When a person who trains intensely starts to develop some of the symptoms of elevated cortisol described above (getting more colds, not sleeping well, digestive symptoms, low mood, not recovering as quickly from workouts, not getting the same response to workouts), that is how we evaluate if they are overtraining. Because athletes are very determined people, the response may be to “just push through it” and keep working out anyway. Do I need to emphasize how incredibly unhealthy this is?
When cortisol levels increase, sex hormone levels decrease. This is because since these are all steroid hormones, they are all made from the same raw material, called pregnenolone. Because there is only so much raw material, when one biochemical pathway in the body is dominating how it is used, the other substances just don’t get made.
So another sign of overtraining is a lowered production of sex hormones, estrogen and progesterone in women, and testosterone in men, with an increased cortisol level. So yet another sign of chronic stress and elevated cortisol can be reduced sex drive.
So what should you do about workouts if you have high cortisol, since intense workouts can increase cortisol?
In a person who is trying to get into shape and lose weight, I usually recommend trying more gentle exercise, like yoga. Yoga is particularly helpful in these scenarios because it involves deep breathing and is done in a calm meditative state. This is tremendously helpful for lowering cortisol, and it does tone and strengthen the muscles.
Another option is to do resistance training only versus endurance exercises like cycling and running. A study in untrained males found that resistance training leads to increases in testosterone, while not causing spikes in cortisol. Endurance exercises like running and cycling, which work to achieve calorie burning and cardiovascular fitness, did just the opposite – increased cortisol[i] and lowered testosterone.
The study also looked at the effects of concurrent training — that is,doing some resistance training along with endurance exercise — and found that it protected against the lowered testosterone somewhat. However, you do still get some increases in cortisol.[ii]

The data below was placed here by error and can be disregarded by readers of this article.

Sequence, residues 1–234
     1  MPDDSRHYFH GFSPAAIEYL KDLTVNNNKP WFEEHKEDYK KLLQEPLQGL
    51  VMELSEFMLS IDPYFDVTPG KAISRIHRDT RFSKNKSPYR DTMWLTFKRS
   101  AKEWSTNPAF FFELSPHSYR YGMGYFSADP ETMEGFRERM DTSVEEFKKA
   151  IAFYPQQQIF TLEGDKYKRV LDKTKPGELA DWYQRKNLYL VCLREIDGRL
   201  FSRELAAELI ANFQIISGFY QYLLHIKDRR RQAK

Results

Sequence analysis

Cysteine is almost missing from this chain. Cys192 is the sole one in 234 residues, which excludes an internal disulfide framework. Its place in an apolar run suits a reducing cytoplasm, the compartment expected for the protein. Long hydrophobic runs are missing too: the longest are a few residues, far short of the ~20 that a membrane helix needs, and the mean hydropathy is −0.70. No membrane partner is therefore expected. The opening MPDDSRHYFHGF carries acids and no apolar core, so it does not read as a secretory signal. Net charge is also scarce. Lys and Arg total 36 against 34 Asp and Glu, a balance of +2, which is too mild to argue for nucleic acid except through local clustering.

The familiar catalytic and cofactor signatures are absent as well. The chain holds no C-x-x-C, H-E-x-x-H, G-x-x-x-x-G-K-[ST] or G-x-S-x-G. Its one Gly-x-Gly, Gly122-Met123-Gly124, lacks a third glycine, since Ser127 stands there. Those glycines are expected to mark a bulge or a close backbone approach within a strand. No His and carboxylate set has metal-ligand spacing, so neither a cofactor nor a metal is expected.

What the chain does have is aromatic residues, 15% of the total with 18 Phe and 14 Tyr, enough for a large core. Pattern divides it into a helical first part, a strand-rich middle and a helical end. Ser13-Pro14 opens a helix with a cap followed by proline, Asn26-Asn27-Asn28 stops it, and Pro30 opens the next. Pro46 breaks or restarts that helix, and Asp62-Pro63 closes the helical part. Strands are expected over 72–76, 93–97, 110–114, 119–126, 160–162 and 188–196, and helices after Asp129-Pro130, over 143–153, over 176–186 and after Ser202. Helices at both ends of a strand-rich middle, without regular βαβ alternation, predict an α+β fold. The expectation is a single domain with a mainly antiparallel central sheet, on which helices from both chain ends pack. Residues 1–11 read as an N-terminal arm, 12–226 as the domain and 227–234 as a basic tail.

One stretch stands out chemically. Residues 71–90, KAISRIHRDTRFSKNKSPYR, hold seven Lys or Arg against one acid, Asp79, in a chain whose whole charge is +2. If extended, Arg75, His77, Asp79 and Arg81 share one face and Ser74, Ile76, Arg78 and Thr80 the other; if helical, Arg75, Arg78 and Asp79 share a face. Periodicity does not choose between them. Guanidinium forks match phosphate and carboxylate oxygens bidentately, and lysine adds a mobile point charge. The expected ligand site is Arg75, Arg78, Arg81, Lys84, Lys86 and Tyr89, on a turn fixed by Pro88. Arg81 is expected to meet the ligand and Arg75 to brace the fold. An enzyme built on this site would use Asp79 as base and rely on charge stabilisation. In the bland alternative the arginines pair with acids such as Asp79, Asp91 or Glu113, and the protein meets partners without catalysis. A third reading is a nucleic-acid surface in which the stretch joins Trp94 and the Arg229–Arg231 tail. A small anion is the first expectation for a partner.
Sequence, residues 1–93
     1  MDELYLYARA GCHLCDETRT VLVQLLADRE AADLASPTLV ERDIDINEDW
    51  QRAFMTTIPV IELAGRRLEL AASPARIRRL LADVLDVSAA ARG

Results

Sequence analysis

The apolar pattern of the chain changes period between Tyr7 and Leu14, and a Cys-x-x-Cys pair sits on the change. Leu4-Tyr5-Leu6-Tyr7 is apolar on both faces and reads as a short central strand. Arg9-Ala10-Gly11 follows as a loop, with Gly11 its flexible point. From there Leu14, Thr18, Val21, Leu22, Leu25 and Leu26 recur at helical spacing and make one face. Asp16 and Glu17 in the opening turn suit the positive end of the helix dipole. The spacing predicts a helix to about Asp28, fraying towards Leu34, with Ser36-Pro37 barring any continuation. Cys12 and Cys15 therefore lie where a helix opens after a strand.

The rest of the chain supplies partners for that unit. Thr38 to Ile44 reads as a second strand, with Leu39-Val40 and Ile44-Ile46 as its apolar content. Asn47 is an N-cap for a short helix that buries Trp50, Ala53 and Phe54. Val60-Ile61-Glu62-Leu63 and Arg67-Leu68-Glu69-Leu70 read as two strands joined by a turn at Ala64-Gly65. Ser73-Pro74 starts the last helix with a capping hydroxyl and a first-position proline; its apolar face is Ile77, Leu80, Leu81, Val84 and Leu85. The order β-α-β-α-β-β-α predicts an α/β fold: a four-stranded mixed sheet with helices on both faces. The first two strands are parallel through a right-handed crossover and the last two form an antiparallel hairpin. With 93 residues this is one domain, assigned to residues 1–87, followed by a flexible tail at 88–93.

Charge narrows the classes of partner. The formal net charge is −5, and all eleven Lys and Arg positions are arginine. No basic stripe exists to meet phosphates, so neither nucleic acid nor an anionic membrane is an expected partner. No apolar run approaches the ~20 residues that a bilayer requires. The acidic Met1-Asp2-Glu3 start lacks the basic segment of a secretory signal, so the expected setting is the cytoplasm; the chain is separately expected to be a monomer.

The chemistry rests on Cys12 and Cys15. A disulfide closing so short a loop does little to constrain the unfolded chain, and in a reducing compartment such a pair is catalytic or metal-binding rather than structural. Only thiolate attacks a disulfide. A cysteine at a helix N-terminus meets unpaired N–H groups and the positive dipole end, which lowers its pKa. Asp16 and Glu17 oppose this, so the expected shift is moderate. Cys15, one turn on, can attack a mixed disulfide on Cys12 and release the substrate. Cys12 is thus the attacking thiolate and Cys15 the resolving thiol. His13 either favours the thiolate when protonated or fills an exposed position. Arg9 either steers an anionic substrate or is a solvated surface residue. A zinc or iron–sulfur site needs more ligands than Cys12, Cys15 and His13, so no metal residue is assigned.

I’m not aware of any studies on the effects of endurance versus resistance training in a person whose cortisol levels are already elevated. However, in my experience, you can tell your tolerance of an activity and its intensity by how you respond to the exercise.
If resistance training or whatever workout you are doing makes you inordinately tired, you don’t recuperate very quickly, or you notice you get sick or get a cold after workouts, you are doing too much. Choose lighter intensity activity. Walking may also be a good first option, though you may want to also do some light resistance training along with it for better fitness results.
In an athlete or someone who trains heavily, I highly recommend monitoring your hormone and cortisol levels regularly. A free testosterone (T) to cortisol ratio is a predictor of a person’s ability to build muscle with training. In other words, it is considered a very reliable marker of a person’s anabolic or catabolic state. Higher numbers are anabolic; low numbers are catabolic. Therefore, if you have a low free T to cortisol ratio, you get very little out of your workouts anyway, so the best thing to do is to rest.
For a person who wants to train, a high cortisol level presents a challenge. You don’t want to stop training altogether, but you need to not add insult to injury by continuing to train too heavily. There may be ways to help protect against this effect and still maintain a fairly intense level of training. For example, based on studies that show endurance training is the worst for elevating cortisol levels, it may be better to switch over to more resistance exercise for a time, but be aware that even an intense resistance training session could be more than your body can handle.